On Tue, 20 Feb 2001, Amara Graps wrote:
> WHEN will you learn to leave *us* something to play with?
"Well", he says kind of sheepishly, digging the toe of his
sneaker into the dirt, I did leave you all the carbon,
not to mention the gold and silver. Those are
8x10^25, 3.1x10^18 kg, 1.4x10^18 kg. Actually, in
looking at this, I realized that I didn't adjust from
number fraction to mass fraction, so these should be
taken as order-of-magnitude estimates only... :-(
And if 43 trillion channels is boring, you could limit
yourself to silver mirrors, but I'm assuming that that
is better used in the high temperature superconducting
cables in some of your computronium.
> BTW. Don't you think that you would need some sort of
> adaptive optics to stabilize that mirror?
Yes, the mirrors are stabilized by electrostatic forces
so they don't need too much mass. I need to read the source paper in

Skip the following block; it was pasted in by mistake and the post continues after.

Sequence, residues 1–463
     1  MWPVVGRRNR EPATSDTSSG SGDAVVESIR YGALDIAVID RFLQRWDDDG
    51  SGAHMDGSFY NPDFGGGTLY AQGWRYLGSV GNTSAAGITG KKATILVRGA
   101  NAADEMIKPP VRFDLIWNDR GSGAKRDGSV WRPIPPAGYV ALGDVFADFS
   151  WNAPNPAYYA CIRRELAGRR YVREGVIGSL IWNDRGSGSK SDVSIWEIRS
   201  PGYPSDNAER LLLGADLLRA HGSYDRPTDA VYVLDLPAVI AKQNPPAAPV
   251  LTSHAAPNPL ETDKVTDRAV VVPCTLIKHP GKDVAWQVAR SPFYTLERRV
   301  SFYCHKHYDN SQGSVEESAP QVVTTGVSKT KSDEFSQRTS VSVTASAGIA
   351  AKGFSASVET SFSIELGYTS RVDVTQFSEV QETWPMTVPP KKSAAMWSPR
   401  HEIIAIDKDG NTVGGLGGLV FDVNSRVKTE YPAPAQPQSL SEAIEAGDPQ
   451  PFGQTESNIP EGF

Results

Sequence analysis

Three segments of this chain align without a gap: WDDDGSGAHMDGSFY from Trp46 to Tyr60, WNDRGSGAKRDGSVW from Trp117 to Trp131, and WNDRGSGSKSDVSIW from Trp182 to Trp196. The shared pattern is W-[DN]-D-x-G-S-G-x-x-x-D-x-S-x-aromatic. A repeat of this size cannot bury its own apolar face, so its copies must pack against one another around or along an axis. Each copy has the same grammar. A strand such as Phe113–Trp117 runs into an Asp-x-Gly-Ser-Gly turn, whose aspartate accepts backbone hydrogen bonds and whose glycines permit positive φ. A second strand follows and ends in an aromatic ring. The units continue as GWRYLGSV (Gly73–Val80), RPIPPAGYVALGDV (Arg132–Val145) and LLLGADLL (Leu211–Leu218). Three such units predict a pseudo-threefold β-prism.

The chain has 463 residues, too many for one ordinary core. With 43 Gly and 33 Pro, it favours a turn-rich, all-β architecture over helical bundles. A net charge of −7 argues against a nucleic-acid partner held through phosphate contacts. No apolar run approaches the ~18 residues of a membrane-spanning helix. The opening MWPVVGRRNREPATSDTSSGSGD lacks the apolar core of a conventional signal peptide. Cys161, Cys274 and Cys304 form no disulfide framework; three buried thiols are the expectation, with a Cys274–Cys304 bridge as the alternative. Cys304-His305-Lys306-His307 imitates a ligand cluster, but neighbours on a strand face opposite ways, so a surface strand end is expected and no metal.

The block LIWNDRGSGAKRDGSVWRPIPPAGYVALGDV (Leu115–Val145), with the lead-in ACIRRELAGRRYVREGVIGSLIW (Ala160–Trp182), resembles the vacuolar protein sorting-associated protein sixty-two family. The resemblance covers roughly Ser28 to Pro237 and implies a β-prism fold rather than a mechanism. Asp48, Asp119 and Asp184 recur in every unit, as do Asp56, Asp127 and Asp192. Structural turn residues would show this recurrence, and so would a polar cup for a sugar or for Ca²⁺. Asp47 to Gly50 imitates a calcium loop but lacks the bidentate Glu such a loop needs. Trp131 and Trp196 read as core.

detail at some point (J. R. Angel et al, SPIE 4013 699-705 (2000)),
to see how much mass is really be required. I would imagine that
large flat sheets of ice (very abundant) reinforced with carbon
nanotubes internally would make a strong enough "base" sheet.
These could either be positioned on the outside of MBrains where
solar light pressure doesn't disturb them excessively or located
way out in space in locations such as the gravitational lensing
focal points of stars (hundreds of AU from the star).
The question is, can I image an individual dust particle at
10 light years with that much collecting area? (Pls don't
take it as a serious question.)
This archive was generated by hypermail 2b30 : Mon May 28 2001 - 09:56:45 MDT